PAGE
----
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American Airlines Eyes First Profit-Sharing in 13 Years

Tickers in this article: AAMRQ LCC

DALLAS (TheStreet) -- American Airlines still wants a merger with US Airways , but the carrier is doing fine on its own -- to the point that it foresees its first profit-sharing distribution in 13 years.

American said Thursday that the third quarter was the most profitable quarter in its history, producing a net profit of $530 million, excluding one-time reorganization costs related to its ongoing bankruptcy. Revenue rose 6.2% to $6.8 billion, the highest quarterly revenue in American's history. Including items, the net profit was $289 million, compared with a loss of $238 million in the same period a year earlier.

"Continued execution on our product, network and alliance strategy, combined with cost efficiencies from restructuring and fleet renewal, creates strong momentum towards our planned merger with US Airways," said CEO Tom Horton, in a prepared statement.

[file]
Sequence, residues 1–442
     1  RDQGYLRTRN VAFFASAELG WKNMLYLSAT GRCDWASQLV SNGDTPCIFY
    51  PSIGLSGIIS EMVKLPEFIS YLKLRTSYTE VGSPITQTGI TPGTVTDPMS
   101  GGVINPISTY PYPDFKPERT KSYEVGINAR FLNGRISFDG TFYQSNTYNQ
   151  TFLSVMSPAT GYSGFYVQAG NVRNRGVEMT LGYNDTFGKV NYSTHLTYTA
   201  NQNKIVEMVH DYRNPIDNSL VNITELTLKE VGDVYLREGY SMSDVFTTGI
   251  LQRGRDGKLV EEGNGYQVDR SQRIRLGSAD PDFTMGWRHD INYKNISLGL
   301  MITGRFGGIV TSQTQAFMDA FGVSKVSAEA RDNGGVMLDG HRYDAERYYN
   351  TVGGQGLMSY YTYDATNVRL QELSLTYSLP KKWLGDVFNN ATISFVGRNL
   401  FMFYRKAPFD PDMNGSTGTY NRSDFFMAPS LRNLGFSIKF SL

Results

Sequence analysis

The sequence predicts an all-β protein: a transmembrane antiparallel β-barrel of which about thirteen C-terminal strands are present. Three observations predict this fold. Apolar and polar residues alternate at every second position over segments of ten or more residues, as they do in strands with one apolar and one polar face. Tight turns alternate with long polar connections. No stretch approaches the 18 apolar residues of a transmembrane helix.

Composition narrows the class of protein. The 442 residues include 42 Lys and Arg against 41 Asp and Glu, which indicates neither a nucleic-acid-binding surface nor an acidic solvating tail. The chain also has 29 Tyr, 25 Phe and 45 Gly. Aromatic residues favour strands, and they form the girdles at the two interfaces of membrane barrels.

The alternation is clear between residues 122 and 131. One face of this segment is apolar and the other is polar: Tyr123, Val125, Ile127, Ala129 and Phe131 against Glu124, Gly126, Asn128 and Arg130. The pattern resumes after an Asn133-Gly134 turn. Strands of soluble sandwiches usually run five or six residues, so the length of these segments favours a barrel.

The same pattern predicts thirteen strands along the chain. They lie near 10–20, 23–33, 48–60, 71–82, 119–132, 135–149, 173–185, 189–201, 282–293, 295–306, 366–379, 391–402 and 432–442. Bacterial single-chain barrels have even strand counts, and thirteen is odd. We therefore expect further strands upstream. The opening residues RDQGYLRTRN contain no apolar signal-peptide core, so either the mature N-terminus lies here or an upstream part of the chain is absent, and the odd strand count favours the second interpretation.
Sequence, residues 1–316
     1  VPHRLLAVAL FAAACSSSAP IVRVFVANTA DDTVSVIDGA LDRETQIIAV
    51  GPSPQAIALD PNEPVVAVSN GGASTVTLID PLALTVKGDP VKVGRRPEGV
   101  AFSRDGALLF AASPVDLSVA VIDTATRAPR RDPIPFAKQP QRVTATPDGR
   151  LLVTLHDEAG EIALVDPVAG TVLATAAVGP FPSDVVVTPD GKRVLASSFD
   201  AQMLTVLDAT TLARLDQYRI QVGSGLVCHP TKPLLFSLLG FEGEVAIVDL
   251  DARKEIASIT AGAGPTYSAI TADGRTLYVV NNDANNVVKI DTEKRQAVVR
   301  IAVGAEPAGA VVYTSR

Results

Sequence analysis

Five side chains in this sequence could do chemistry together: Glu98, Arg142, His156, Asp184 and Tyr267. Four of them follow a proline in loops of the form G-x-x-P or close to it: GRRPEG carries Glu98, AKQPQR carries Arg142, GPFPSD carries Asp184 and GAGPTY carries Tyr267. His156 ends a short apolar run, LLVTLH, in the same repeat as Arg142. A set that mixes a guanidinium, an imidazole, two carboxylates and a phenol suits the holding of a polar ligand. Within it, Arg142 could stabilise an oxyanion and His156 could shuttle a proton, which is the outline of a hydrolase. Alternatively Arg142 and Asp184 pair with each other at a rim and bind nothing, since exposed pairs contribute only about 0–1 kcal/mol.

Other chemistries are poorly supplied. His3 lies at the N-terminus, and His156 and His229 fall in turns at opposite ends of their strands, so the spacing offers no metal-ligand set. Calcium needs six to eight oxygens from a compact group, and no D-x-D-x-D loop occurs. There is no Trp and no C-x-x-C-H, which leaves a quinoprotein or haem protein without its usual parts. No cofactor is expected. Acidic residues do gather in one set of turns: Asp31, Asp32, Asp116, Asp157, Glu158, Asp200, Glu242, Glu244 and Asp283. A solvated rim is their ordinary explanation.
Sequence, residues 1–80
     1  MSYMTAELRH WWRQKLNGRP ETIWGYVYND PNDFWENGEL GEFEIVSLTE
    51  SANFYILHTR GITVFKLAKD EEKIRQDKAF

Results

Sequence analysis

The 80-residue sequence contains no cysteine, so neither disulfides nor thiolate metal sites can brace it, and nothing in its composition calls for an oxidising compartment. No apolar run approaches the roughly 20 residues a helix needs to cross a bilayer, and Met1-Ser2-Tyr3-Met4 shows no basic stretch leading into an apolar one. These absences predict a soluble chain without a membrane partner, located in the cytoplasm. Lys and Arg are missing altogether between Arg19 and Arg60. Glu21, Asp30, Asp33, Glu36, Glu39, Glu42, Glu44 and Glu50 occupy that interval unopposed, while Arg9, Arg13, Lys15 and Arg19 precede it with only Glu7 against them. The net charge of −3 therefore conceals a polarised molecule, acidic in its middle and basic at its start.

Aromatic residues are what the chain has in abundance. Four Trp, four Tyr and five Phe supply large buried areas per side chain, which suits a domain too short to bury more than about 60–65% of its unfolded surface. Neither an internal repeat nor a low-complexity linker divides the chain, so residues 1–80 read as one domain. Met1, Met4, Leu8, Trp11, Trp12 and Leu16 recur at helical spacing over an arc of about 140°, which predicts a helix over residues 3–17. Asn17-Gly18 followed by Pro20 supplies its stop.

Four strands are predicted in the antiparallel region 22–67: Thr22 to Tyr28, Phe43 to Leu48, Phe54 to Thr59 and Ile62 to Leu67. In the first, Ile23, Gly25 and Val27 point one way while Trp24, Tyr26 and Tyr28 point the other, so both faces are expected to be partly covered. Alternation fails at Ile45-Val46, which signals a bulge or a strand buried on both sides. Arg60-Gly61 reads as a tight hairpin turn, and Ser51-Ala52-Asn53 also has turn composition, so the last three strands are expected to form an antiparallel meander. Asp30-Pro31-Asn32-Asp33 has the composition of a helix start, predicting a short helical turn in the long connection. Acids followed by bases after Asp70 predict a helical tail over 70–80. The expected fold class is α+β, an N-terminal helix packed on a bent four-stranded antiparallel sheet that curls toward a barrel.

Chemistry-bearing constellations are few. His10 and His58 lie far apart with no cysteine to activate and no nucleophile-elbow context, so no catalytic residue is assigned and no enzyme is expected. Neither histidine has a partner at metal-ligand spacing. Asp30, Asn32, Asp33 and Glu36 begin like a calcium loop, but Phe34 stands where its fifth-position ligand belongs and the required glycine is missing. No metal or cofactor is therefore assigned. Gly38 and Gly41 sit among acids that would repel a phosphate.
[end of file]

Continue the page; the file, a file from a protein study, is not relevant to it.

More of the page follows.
Horton said American has set aside $59 million this quarter "in expectation of making our first profit-sharing payout since 2001 to our people who have done so much to put American back on top." So far, American has accrued $65 million for profit sharing this year.

During the quarter, consolidated passenger revenue per available seat mile rose 3.4% to an all-time record of 13.79 cents per available seat mile. Mainline PRASM rose 4%. On the cost side, excluding fuel and special items, cost per available seat mile declined by 5.4%. American's pretax margin, excluding reorganization and special items, was 7.8%.

During the quarter, American took delivery of 19 new Airbus and Boeing aircraft. On Wednesday, it announced plans for new service from Dallas-Fort Worth, its largest hub, to Hong Kong and Shanghai.

In its earnings release on Thursday, the company said: "American and US Airways Group are vigorously defending the lawsuit filed by the Department of Justice seeking to enjoin their planned merger, and continue to move forward with developing a merger integration plan."

-- Written by Ted Reed in Charlotte, N.C.

>To contact the writer of this article, click here: Ted Reed